2. 2. Complete the table for unit sales, sales price, total revenues, and operating costs excluding depreciation.
    3. 3. Complete the depreciation data.
    4. 4. Complete the table down to after-tax operating income and then down to the project's operating cash flows, EBIT(1 − T) + DEP.
    5. 5. Fill in the blanks under Year 4 for the terminal cash flows and complete the project free cash flow line. Discuss the recovery of net operating working capital. What would have happened if the machinery had been sold for less than its book value?
  2. b. 1. Allied uses debt in its capital structure, so some of the money used to finance the project will be debt. Given this fact, should the projected cash flows be revised to show projected interest charges? Explain.

    2. Suppose you learned that Allied had spent $50,000 to renovate the building last year, expensing these costs. Should this cost be reflected in the analysis? Explain.

    3. Suppose you learned that Allied could lease its building to another party and earn $25,000 per year. Should that fact be reflected in the analysis? If so, how?

    4. Assume that the lemon juice project would take profitable sales away from Allied's fresh orange juice business. Should that fact be reflected in your analysis? If so, how?

  3. c. Disregard all the assumptions made in part b and assume there is no alternative use for the building over the next 4 years. Now calculate the project's NPV, IRR, MIRR, and payback. Do these indicators suggest that the project should be accepted? Explain.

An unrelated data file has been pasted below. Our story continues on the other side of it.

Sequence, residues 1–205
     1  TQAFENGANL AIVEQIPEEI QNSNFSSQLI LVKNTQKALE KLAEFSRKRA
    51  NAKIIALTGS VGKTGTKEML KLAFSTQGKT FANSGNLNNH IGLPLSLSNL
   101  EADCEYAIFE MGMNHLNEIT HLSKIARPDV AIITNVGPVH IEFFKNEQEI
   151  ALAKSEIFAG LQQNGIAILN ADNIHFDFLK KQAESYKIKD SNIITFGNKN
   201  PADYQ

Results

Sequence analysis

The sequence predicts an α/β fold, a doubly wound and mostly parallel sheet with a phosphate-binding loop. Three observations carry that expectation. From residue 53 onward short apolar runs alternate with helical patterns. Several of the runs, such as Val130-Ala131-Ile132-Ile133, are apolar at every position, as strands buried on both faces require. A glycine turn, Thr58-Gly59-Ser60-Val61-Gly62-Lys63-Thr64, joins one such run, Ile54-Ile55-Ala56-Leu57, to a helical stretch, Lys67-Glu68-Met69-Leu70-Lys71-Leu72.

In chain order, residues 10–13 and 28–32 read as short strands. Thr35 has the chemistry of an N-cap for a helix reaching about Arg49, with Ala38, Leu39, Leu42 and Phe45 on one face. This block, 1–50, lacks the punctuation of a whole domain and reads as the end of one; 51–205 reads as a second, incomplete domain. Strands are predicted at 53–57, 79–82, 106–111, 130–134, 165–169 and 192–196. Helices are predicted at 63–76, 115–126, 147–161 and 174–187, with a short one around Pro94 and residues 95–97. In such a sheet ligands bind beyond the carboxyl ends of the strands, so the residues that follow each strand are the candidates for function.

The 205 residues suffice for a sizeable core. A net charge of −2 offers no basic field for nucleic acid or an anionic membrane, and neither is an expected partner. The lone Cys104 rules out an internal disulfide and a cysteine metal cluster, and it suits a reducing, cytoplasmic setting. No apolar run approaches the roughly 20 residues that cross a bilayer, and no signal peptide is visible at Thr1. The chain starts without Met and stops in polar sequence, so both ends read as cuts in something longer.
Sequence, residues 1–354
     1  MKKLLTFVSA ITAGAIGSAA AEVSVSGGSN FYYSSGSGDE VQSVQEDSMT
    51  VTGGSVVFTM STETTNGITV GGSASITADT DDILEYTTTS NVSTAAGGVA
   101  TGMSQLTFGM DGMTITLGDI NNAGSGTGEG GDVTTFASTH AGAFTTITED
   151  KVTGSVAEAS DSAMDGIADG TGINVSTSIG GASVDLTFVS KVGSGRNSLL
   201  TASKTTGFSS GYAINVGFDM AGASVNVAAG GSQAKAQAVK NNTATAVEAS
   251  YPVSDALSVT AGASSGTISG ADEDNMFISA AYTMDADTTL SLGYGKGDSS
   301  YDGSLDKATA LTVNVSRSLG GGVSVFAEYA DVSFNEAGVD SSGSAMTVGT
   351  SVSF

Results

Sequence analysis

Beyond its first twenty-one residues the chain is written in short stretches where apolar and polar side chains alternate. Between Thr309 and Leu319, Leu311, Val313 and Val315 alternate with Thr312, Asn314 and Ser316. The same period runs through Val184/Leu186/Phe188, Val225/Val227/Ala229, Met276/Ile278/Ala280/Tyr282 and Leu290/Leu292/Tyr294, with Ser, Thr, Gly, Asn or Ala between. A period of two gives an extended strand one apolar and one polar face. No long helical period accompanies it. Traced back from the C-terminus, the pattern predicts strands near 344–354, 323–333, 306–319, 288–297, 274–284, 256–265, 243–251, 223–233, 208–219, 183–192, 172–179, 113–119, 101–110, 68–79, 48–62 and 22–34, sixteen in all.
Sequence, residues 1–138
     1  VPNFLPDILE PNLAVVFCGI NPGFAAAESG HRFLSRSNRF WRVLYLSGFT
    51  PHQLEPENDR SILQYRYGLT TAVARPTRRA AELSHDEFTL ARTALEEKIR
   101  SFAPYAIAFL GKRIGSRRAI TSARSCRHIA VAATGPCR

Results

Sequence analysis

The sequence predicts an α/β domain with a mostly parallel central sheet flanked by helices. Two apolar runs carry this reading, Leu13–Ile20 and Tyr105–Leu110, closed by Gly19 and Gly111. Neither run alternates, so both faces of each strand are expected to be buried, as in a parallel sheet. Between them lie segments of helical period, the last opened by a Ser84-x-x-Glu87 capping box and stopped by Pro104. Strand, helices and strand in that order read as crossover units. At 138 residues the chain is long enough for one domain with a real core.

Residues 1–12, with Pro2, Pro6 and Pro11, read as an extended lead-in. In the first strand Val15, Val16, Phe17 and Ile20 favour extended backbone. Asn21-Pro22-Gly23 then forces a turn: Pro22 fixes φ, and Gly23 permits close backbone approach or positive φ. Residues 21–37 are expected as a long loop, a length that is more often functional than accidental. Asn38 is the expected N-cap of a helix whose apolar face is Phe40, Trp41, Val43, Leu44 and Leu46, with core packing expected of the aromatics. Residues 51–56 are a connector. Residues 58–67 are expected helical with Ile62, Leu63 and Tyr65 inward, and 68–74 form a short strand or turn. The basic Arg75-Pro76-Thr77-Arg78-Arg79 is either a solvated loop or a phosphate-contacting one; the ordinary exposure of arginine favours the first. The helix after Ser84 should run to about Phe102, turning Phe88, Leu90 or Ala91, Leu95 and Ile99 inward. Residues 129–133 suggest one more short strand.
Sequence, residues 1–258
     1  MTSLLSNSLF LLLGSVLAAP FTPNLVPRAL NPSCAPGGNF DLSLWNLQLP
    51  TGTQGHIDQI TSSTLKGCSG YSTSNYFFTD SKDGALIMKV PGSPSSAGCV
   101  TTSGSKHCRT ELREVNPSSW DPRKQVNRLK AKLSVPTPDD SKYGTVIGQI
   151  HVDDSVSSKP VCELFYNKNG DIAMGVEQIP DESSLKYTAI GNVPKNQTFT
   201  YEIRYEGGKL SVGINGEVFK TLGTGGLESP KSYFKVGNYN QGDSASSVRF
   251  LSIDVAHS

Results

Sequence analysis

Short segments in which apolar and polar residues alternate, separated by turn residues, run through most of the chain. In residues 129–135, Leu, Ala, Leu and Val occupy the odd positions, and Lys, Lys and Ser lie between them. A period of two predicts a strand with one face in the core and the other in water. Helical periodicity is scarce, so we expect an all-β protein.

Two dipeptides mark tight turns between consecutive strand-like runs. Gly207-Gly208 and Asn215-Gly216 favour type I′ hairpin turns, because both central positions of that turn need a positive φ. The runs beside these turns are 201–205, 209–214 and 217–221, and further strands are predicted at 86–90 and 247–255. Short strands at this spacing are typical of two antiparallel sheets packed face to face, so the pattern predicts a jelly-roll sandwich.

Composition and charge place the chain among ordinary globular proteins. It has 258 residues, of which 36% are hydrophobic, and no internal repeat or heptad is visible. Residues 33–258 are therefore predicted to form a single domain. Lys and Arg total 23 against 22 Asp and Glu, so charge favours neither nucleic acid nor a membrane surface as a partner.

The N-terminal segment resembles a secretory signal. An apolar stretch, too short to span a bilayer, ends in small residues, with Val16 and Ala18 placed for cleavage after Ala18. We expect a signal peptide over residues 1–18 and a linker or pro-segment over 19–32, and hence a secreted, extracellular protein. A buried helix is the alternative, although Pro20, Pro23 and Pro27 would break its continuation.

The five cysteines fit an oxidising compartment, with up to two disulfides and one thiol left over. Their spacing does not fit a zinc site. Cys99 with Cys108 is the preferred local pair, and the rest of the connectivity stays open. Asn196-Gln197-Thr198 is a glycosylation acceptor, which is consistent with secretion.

Allied's Lemon Juice Project (in Thousands) TABLE IC 12.1

Chapter 12, Problem 20IC, INTEGRATED CASE ALLIED FOOD PRODUCTS CAPITAL BUDGETING AND CASH FLOW ESTIMATION Allied Food Products , example  1

TABLE IC 12.2 Allied's Lemon Juice Project Considering 5% Inflation (in Thousands)

Chapter 12, Problem 20IC, INTEGRATED CASE ALLIED FOOD PRODUCTS CAPITAL BUDGETING AND CASH FLOW ESTIMATION Allied Food Products , example  2

  1. d. If this project had been a replacement rather than an expansion project, how would the analysis have changed? Think about the changes that would have to occur in the cash flow table.
  2. e. 1. What three levels, or types, of project risk are normally considered?

    2. Which type is most relevant?

    3. Which type is easiest to measure?

    4. Are the three types of risk generally highly correlated?

  3. f. 1. What is sensitivity analysis?